Assessing Disinfection Systemsv for Recycled Water Project

The disinfection of recycled water for reuse is becoming more common nationwide as water supplies are impacted by drought and water demands of an ever-increasing population.

Jun 1st, 2009
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By Nicola Fontaine, Chris Cleveland, Ricky Gutierrez, and Mike Britten

The disinfection of recycled water for reuse is becoming more common nationwide as water supplies are impacted by drought and water demands of an ever-increasing population. To protect public health, recycled water disinfection technologies must be capable of meeting or exceeding the water quality standards set forth by the state in which the project is located. These standards vary by state, disinfection technology, as well as by the recycled water application.

Selection of a disinfection technology has become increasingly complicated with the addition of advanced technologies, changing regulations, and new potential applications. Utilities and consultants often have to analyze the effectiveness, benefits, and economics of disinfection alternatives to aid in selection of a technology suitable for a specific application.

Historically chlorine has been used, and more recently in-channel UV systems. While both are still options to be considered, other options are now available that can reduce footprint, energy, capital and O&M costs, and integrate more readily into the overall recycled water treatment train.

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Economic analysis of disinfection technologies is specific to the site, upstream treatment process effluent quality, and the intended application of the recycled water. Thus, identifying the goals and relative importance of the benefits and advantages for the specific application early is critical in evaluating alternatives.

A selected technology must first protect public health and second balance the facility needs and requirements, recycled water rates, and cost of consumables (power, chemicals, replacement parts). The following case study from a utility in Northern California shows the cost impact of site-specific attributes and treatment goals.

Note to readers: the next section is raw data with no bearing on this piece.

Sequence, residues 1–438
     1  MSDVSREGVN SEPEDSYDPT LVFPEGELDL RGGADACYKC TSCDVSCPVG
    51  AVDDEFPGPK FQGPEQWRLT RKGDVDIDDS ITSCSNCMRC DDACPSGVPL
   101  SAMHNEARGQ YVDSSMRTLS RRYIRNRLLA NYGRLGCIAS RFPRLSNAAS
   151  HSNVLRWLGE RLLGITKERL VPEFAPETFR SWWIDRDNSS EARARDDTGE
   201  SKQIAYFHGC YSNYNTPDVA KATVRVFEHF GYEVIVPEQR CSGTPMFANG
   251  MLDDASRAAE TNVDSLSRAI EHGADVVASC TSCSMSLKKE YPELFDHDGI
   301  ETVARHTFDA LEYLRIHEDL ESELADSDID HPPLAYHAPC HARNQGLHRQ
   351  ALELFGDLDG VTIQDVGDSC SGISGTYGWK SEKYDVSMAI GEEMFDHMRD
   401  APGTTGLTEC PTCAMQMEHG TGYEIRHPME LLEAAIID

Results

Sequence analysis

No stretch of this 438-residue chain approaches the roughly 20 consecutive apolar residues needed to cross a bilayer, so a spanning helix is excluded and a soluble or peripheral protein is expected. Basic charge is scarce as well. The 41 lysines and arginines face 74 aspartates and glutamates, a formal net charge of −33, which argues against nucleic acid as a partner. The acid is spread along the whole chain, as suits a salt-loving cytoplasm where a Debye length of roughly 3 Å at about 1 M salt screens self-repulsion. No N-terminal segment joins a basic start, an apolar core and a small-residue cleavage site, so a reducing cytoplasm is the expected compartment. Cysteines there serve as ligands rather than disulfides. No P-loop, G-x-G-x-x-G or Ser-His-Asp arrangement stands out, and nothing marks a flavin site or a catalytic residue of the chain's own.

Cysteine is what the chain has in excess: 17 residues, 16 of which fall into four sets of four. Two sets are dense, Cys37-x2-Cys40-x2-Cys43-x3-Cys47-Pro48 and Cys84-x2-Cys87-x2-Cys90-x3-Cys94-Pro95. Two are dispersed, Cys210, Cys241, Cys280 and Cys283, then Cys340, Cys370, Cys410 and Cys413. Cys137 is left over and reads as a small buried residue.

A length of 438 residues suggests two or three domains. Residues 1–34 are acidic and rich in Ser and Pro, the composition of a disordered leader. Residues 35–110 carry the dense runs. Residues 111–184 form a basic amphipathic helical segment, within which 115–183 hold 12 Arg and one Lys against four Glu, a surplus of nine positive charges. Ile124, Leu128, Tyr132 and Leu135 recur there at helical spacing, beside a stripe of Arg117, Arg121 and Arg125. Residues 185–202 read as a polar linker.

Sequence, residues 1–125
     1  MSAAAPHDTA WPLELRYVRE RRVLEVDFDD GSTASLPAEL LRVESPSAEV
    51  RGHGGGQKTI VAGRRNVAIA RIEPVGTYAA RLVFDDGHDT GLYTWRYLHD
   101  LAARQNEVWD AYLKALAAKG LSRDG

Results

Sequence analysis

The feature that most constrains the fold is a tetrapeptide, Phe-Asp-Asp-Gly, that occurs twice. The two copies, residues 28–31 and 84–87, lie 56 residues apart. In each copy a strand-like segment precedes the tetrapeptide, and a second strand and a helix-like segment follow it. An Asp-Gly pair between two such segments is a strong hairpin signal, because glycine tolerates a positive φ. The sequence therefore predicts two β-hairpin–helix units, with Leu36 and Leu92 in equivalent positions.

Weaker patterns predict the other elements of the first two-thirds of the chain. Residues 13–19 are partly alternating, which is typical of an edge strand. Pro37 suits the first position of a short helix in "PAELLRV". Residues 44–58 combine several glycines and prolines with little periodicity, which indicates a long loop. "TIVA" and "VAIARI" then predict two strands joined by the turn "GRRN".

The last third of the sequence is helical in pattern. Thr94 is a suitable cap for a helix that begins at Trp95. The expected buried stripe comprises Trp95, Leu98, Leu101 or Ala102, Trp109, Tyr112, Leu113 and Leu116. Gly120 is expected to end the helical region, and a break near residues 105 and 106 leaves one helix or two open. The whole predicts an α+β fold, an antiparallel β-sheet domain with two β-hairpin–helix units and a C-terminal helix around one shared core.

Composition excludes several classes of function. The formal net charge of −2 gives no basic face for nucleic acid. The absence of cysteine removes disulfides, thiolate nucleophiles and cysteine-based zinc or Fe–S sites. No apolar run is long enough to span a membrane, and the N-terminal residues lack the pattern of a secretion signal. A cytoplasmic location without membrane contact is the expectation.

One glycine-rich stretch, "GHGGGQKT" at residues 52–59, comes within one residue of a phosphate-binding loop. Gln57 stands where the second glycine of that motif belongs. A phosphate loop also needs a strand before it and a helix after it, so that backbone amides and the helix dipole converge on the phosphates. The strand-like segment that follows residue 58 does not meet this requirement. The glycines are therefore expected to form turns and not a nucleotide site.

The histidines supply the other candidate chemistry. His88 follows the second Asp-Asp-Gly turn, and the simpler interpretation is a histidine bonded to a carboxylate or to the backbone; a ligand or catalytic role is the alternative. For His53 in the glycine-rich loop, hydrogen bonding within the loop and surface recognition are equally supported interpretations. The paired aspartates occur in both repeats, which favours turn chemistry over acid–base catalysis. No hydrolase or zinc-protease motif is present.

Case Study

In California, Title 22 of the California Code of Regulations governs recycled water treatment and water quality requirements. Specific to virus disinfection, Title 22 requires that a disinfection process, when combined with filtration, inactivates and/or removes a minimum of 5-log poliovirus in wastewater. The technologies evaluated in this case study have all received Title 22.

This study was conducted to determine the most suitable disinfection technology to be placed after tertiary membrane filtration at an existing WWTP in Northern California for a new 4 mgd unrestricted irrigation recycled water facility.

The technologies evaluated included the Aquionics InLine 18000+ in-vessel medium pressure ultraviolet light (UV) system, a proprietary ozone system (HiPOx) by Applied Process Technology, and a pasteurization-based process by Pasteurization Technology Group. Evaluation of each technology was based on treatment efficacy, capital cost, life cycle costs, footprint, ease of integration into the existing plant, contaminant applicability (i.e., anything removed beyond Title 22 requirements), required ancillary facilities, complexity, safety, flexibility, and any other identified benefits.